"All right," I breathed. "I'll follow you home." Though little lost puppy's are less dangerous.

"Are you sure you can drive?"

"I'm fine. I haven't had that much."

Victor paid our tabs. The night air had a chill to it, typical of early March. A short caravan later, Victor and I arrived at his apartment. I stopped him on the stairs for another kiss before we went inside.

Once the door was closed, I backed him up to the couch and sat him down simply by suggestion. Then, I knelt on the couch straddling him.

"Are you naughty?" I purred.

"Oh yeah," he breathed.

I touched my lips to his lower lip, but didn't kiss his mouth. "Yeah? Ever done something really bad? I mean-- like . . . real bad."

"You like that?"

I responded with another teasing kiss.

"Okay, um-- how bad?"

"You ever kicked someone's ass for your girlfriend?" I took off my shirt.

"Of course."

"Tell me about it." He hesitated until I placed his hands on my breasts.

"Ah-- how about this? When Marie and I were breaking up, I mean-- I knew it was coming-- I started seeing this new girl. Karen said she was afraid of her friend finding out because her friend would out her to Marie. She said she was meeting her friend for dinner that weekend. So, I waited for her friend and jumped her in the parking lot."

"When was this?"

"Huh? Oh, last month."

"Week of February sixth."

"Yeah . . . I think so. How--"

"Read it in the local paper." I took his wrists in a pincer-grip. "Tell me more. Tell me about how you jumped her," I continued in a soft, low purr.

He wet his lips. "All right-- she was leaving the restaurant. Her car was parked out back. I went between these two cars--"

"What kind of cars?"

"Uh, one was a red SUV. The other was a blue pick-up truck. When she passed the SUV, I grabbed her and pulled her behind it, so no one could see."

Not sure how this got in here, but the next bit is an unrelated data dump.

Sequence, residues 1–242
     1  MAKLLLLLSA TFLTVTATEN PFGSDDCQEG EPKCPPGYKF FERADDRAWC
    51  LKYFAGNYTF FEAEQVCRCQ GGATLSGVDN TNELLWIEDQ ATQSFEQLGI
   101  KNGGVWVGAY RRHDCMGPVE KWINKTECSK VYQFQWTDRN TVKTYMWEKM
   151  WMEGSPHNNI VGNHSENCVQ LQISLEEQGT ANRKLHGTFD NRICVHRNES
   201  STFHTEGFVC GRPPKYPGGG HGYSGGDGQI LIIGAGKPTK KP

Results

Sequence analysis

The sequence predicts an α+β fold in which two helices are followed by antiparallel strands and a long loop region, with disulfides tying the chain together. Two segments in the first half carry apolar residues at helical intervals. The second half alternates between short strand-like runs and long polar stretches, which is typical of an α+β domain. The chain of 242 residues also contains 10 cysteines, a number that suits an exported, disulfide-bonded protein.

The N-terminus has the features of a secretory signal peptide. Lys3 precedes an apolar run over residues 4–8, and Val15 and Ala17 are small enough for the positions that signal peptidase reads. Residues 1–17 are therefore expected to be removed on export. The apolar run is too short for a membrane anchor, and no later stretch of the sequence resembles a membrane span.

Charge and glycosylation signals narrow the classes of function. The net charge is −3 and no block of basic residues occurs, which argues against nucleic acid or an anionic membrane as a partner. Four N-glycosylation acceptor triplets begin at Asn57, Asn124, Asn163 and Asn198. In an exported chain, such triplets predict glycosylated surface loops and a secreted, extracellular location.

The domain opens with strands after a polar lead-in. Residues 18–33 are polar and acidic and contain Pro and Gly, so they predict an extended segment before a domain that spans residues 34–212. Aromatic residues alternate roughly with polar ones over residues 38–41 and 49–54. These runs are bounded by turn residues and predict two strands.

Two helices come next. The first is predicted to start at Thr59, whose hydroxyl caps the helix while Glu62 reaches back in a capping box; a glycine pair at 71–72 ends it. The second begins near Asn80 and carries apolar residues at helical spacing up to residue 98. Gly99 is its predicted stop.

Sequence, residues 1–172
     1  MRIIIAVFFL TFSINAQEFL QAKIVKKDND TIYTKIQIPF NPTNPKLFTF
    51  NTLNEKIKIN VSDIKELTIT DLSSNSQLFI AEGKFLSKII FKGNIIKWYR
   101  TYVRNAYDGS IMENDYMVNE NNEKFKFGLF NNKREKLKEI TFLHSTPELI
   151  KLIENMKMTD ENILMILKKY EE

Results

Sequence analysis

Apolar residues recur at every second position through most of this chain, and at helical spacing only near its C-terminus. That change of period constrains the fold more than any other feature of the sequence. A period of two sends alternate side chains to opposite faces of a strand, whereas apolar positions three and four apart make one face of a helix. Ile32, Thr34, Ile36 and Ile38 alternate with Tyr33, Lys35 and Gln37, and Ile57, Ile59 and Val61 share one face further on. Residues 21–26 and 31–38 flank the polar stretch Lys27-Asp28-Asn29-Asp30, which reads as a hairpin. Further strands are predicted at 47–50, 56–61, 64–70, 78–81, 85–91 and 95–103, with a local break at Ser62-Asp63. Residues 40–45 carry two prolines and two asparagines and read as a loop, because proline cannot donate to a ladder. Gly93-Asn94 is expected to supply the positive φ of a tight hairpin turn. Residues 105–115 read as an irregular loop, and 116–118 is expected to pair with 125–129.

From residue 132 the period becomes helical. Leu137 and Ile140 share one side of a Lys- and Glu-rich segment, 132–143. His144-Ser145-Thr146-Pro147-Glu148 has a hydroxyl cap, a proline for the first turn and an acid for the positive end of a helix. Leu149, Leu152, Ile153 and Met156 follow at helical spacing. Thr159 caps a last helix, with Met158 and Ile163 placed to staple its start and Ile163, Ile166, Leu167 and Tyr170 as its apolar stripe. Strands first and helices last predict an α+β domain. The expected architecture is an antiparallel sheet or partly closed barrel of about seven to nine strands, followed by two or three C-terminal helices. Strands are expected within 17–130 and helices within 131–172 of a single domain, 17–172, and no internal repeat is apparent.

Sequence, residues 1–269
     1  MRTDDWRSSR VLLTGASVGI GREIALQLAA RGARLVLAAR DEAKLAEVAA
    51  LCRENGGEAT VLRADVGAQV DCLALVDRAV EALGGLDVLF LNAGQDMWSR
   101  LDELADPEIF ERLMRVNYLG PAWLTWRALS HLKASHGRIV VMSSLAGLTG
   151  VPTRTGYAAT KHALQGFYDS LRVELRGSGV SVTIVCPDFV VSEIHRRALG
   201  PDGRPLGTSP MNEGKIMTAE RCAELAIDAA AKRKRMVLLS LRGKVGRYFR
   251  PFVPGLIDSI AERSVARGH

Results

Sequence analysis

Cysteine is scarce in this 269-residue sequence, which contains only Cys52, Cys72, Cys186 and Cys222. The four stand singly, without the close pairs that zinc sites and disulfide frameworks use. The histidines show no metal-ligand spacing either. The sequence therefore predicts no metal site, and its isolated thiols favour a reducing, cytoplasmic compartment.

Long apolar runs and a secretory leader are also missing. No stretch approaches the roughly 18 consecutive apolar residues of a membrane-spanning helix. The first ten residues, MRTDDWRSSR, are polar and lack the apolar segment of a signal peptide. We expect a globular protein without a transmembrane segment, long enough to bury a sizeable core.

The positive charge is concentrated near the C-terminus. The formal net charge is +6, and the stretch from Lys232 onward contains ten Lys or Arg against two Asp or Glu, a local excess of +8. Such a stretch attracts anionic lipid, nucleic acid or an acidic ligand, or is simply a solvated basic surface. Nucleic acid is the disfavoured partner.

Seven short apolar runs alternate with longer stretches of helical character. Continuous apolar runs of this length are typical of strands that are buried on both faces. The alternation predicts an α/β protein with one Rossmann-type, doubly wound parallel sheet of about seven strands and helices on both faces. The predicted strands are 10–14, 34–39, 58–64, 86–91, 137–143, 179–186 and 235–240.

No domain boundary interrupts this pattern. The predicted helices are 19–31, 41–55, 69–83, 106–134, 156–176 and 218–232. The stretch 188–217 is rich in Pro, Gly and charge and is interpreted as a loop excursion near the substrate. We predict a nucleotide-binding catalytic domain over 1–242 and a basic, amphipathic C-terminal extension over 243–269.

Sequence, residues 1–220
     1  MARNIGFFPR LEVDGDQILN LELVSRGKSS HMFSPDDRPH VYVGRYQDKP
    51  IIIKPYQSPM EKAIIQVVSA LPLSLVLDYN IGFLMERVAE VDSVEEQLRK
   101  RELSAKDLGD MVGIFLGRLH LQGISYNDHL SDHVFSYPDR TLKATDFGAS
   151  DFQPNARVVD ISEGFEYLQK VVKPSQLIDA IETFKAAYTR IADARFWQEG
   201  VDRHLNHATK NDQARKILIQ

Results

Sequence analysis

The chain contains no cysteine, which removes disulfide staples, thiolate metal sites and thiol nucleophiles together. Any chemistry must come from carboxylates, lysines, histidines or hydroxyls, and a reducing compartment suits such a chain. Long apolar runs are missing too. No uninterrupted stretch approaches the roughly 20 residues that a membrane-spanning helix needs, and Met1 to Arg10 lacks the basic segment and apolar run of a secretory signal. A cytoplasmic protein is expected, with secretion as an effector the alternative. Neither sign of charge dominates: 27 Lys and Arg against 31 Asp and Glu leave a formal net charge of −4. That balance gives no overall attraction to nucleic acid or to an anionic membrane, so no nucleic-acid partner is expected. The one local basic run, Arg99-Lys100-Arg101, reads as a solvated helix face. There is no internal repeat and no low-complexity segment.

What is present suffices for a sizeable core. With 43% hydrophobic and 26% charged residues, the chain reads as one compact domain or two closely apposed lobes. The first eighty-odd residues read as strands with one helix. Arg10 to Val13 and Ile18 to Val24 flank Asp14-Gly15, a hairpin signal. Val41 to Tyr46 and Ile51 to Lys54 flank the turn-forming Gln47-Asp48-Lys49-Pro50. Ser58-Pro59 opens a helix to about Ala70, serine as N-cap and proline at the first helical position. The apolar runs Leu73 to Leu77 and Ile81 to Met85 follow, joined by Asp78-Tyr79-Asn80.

"Tell me what her face looked like?" I whispered into his ear.

"Couldn't really tell. She had a green and yellow striped scarf wrapped around her face. It was cold that night. Come on-- let me touch--"

"You pulled her behind the SUV, punched her in the head, threw her on the ground and kicked her in the head and chest until she blacked out-- and you never saw her face?"

The information had a sudden calming and sobering effect on him. "Yeah . . ."

"Well, here you go," I announced, taking a photo from my back pocket. "Now you can see her face."

"Marie? She said she got in a car wreck--"

"The only thing I don't get," I put in as I stood and shrugged back into my shirt, "is why she'd tell you that."

"I-- there's gotta be a mistake. I wouldn't have beaten Marie up."

"Victor. Why'd she say it was a car accident?"

His head snapped to a level position. "Because she was cheating on me. She said she was out of town visiting her sister. Maybe she lied because she was still here, just with someone else."

"You know there was someone else?"

"That's why we broke up."

"Not over your lover?"

"No. But what do you care?"

"My name is Bo Fexler. I'm a private investigator. Marie hired me to find out who beat her up that night in the parking lot," I explained simply.

"So, what made you think it was me?"

"It's always a lover-- current or former. And I already knew it wasn't her ex."

"You seduce him too?"

I gave him a flirty little smile as I let myself out of the apartment with a gust of cold air.

BIO: Clair has been delighted with her recent string of success that places her number of accepted stories at 15. She's been published in Mysterical-E, Powderburn, MuzzleFlash, Crime & Suspense, and Flashot. She writes in the free minutes she has as an alternative high school teacher.